Review: Transcending CSS
After discovering that a screenshot of my site appeared in Transcending CSS by Andy Clarke, I decided to order this book. That may seem vain but family is easily impressed by it. Who am I to disappoint?
When the book arrived a couple days later, though, I was amazed by the pure style. It's the only book in my entire geeky collection that had my wife give it a second glance. That alone meant it was pretty impressive.
Who's it for?
The book is targetted to those who know and who've used CSS but, this isn't a code book, per se. Sure, there's code examples found throughout but it's not really what the book is about. It's about applying CSS in creative ways that take advantage of the power of the web without sacrificing the aesthetics of design.
Jumping into the first chapter, I couldn't help but enjoy it. It really is well designed. The reading is fast and comfortable without feeling overwhelmed by large swaths of text. The sidebars were used well and the photography was just fun to look at (as well as subtley contextual).
Andy does a great job of mixing the practical with the theoretical and covers a good deal of material. The books focus sways between pushing designers to think of code and developers to think of design in new ways.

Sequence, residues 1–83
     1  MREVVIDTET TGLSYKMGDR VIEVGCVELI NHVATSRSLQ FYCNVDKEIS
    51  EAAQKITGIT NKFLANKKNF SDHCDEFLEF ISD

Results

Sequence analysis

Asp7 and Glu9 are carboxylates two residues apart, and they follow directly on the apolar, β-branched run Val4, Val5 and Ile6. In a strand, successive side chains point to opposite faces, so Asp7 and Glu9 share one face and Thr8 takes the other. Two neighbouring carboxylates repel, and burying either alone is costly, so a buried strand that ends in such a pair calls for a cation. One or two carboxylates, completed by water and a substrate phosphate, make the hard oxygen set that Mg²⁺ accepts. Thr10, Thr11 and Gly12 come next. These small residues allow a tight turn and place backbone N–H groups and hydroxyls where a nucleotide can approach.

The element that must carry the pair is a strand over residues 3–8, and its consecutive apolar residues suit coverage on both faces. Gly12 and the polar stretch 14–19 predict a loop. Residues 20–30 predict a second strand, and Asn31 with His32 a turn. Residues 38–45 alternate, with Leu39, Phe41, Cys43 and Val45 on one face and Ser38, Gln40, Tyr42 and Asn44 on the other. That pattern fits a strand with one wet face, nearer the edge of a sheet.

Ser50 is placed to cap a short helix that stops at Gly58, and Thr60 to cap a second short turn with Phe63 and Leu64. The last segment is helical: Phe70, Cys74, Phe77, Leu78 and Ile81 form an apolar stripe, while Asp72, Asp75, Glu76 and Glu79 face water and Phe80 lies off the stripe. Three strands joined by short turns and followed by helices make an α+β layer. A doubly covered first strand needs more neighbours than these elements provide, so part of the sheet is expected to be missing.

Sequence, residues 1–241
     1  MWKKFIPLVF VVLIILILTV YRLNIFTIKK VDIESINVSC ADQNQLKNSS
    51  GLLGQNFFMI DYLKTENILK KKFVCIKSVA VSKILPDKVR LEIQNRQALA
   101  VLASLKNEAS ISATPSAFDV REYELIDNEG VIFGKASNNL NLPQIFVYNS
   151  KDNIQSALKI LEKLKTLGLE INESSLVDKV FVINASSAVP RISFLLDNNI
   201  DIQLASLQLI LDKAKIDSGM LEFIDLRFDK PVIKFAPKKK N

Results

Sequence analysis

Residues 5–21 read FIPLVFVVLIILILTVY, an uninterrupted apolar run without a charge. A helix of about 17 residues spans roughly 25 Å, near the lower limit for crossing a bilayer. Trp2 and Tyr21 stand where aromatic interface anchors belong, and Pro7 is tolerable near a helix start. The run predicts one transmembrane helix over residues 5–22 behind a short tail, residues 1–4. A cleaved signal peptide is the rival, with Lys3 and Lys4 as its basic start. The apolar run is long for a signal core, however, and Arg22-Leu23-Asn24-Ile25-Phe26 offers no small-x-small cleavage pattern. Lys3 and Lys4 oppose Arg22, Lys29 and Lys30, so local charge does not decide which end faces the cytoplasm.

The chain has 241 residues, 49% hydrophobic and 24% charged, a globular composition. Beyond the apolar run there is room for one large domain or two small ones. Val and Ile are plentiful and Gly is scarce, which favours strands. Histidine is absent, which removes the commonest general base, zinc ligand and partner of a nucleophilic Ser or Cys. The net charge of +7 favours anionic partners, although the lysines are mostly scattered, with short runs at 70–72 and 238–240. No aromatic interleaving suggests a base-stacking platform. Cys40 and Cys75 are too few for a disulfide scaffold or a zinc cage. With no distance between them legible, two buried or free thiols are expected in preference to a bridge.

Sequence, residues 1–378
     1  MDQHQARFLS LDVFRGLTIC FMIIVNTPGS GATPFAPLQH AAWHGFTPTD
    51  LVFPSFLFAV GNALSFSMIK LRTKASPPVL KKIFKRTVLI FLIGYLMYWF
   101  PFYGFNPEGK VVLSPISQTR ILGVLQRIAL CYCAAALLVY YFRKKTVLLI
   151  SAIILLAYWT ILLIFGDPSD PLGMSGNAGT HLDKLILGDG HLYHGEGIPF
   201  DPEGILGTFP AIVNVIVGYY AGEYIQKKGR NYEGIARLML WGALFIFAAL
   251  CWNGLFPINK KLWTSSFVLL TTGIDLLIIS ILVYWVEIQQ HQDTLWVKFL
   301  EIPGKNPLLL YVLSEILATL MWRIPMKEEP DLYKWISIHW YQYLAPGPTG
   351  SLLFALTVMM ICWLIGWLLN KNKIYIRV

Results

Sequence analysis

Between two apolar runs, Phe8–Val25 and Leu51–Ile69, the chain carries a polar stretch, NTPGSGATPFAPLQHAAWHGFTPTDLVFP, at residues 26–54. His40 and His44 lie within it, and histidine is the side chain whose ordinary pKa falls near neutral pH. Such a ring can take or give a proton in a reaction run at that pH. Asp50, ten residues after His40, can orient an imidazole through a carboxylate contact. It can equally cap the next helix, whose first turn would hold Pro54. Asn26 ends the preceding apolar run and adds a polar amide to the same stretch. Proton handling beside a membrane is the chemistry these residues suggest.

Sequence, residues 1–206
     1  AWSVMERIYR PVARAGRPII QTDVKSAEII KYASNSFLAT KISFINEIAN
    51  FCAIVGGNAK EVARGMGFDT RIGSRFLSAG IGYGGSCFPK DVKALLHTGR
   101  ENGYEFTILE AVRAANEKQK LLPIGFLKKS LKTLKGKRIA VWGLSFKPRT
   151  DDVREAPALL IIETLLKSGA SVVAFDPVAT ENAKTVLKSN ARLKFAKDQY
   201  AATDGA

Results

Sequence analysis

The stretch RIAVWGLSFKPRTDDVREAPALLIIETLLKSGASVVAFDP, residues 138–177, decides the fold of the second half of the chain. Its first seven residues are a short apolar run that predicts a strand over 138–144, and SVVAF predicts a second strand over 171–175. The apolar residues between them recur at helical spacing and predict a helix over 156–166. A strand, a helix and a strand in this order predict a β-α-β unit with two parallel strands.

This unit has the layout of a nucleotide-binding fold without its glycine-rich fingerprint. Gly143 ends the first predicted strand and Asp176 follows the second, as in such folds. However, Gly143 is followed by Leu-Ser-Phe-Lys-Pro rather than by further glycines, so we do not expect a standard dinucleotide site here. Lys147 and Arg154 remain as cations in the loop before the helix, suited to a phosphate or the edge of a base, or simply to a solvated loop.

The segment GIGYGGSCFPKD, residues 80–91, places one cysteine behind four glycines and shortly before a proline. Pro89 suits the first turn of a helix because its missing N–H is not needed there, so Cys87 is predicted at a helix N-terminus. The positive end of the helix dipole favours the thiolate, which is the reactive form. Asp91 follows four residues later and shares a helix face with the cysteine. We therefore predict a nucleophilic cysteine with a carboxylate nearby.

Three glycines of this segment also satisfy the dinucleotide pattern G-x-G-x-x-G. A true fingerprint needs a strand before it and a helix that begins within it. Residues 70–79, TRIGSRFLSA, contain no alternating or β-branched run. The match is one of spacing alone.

The first section, Discovery, really tries to explain what Transcendent CSS means and how to begin to approach the process of moving from design to code.
In Process, Andy touches on wireframing and prototyping and how best to approach quick HTML prototyping.
The Inspiration chapter seems to target the developer types, pushing them to look outside (literally) of the online world and into finding inspiration in everyday things; from architecture to a fabulous discussion on grid design to mood boards, there's barely a code example to be found.
Finally, in Transcendence, Andy has us look to the future, demonstrating some nice features of what to expect from CSS3 and even showing off some great possibilities with the Advanced Layout Module.
Is it for you?
This book has a little bit for everyone. Even die-hard standardistas might uncover a gem or two in here. I definitely feel like the book targets different types of people at different times. On one hand, much of the book focuses on designers and how they can learn to take advantage of HTML and CSS to build effective web sites. On the flip side, it seems to push for the technical folk to expand their horizons. Either way, there's lots of great, practical information in here.